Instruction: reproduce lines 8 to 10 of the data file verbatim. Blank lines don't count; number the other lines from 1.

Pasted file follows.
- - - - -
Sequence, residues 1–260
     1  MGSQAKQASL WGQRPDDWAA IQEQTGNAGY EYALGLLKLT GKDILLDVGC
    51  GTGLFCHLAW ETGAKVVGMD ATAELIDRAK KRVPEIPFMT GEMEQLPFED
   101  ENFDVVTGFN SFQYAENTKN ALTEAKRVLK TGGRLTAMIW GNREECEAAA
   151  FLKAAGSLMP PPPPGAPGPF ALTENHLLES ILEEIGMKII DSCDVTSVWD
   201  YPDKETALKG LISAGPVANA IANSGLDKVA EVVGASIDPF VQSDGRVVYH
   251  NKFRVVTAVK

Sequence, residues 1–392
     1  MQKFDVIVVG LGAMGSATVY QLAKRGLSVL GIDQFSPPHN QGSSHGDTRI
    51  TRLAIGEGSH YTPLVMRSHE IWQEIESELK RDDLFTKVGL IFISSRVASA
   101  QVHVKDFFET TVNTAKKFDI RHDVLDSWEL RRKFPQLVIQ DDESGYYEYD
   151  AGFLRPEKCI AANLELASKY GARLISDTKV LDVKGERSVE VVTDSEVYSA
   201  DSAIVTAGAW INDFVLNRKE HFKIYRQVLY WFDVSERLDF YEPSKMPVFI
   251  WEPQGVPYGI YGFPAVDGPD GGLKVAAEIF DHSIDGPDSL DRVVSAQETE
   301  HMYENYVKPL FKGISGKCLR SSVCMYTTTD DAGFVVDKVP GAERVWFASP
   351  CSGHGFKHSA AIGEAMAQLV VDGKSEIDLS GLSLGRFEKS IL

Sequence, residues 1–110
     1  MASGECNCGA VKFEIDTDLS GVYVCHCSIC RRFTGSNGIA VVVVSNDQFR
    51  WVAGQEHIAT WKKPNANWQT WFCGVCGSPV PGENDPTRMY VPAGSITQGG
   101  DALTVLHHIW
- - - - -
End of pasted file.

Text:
Sequence, residues 1–392
     1  MQKFDVIVVG LGAMGSATVY QLAKRGLSVL GIDQFSPPHN QGSSHGDTRI
    51  TRLAIGEGSH YTPLVMRSHE IWQEIESELK RDDLFTKVGL IFISSRVASA